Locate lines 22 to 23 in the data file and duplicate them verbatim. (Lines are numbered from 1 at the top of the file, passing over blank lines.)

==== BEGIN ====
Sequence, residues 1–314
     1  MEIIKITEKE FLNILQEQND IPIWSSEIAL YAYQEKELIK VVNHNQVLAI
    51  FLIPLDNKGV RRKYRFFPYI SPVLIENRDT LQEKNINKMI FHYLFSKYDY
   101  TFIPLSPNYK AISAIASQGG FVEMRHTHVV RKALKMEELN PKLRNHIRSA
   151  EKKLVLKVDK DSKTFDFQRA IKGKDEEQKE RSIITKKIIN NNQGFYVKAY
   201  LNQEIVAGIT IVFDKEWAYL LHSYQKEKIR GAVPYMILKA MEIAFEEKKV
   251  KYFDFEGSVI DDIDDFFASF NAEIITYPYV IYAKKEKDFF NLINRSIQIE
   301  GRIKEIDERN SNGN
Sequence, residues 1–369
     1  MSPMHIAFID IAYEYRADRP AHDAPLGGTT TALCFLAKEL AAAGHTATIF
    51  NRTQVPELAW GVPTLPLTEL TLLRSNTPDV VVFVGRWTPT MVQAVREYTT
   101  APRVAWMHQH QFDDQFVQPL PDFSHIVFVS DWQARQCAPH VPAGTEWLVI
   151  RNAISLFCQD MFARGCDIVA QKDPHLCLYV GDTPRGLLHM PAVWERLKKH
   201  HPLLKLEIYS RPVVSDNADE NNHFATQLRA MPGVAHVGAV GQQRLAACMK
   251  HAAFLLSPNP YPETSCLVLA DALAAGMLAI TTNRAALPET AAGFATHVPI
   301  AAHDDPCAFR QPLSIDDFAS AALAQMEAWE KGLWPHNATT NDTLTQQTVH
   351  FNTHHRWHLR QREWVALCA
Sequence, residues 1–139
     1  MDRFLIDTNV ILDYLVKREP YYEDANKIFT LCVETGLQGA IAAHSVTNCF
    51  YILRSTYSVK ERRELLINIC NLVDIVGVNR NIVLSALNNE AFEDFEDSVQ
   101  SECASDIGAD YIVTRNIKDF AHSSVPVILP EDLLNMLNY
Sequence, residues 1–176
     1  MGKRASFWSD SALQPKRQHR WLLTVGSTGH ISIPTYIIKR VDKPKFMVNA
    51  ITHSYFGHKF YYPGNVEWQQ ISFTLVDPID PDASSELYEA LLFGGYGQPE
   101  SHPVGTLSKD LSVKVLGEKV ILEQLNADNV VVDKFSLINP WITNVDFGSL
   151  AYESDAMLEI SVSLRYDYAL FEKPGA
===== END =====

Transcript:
Sequence, residues 1–176
     1  MGKRASFWSD SALQPKRQHR WLLTVGSTGH ISIPTYIIKR VDKPKFMVNA